The latest reports received from Ambassador Unger indicate that authority may not really have been returned to the government and that there is still a serious risk of efforts to upset the Geneva Accords, and the earlier agreements on which they rest, and which we strongly favor. We recognize that those participating in these efforts may be inspired by patriotic motives and that the Communist side has been largely responsible for the continuing difficulties and dangers in Laos. Nonetheless, as I said, as a signatory of the Geneva Accords, we continue to believe firmly that these accords must be observed, and we think they must be preserved in both spirit and letter. Our Ambassador has instructions to do all that he can to see that that is brought about.
Our reports on the subject are fragmentary, but that is the policy of our Government.
[17.] Q. Mr. President, some of us have been accused of trying to operate a little boom for your Defense Secretary, to try to talk him up as being a political animal. Do you think he would be good in elective office, or do you wish we would stop talking about him?
THE PRESIDENT. I have never applied the elective yardstick to any of my Secretaries, or anyone else for that matter, including myself, although I have crossed that bridge a few times in past years in various offices. As I have frequently stated, and I don't mind repeating if you missed it —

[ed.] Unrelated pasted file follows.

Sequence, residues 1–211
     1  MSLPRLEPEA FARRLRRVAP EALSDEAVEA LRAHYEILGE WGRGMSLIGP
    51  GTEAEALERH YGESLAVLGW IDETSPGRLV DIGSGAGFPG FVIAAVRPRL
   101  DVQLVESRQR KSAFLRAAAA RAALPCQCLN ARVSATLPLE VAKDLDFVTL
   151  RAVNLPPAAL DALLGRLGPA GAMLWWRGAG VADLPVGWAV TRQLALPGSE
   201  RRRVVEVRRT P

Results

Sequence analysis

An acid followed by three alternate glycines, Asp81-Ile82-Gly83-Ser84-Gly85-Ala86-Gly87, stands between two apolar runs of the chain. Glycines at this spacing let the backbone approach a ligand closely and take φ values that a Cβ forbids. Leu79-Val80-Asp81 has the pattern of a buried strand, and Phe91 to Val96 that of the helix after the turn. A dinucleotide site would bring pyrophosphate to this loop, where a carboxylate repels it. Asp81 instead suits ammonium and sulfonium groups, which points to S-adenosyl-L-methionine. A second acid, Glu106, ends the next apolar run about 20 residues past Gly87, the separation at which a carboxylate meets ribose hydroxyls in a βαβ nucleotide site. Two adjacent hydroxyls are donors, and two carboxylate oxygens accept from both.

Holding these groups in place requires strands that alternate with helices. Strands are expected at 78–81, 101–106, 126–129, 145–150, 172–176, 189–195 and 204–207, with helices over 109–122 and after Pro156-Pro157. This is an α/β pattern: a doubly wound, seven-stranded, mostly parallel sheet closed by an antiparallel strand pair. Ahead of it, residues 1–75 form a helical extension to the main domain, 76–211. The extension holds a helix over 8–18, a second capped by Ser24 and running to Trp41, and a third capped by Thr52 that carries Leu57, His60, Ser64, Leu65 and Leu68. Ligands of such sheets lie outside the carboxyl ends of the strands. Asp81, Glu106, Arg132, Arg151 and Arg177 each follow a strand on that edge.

Q. No, I followed it, but I hoped you would say it a little differently.
THE PRESIDENT. --I do not plan to make any evaluations or make any recommendations or make or conduct any studies or make any reports on the vice presidential prospects until we meet at the national convention in Atlantic City in the latter part of August, at which time I will give a great deal of thought to the subject, and make known my views.
[18.] Q. Mr. President, will this Appalachian program result in an increase in your 1965 budget?
THE PRESIDENT. The answer is no. I stated in the original statement, which I probably read too fast, that we have money in the 1965 budget under the contingent item of $250 million, and that is what we are asking.
[19.] Sir, you said you did not know the upshot of the uranium agreement, or mutual example, until you were about to make the speech before the AP in New York.
THE PRESIDENT. I did not know the extent of the Soviet reaction to what we were doing until they released their statement through TASS, shortly prior to the 2 o'clock New York talk.
Q. In other words, there had been no private communications between you and Mr. Khrushchev.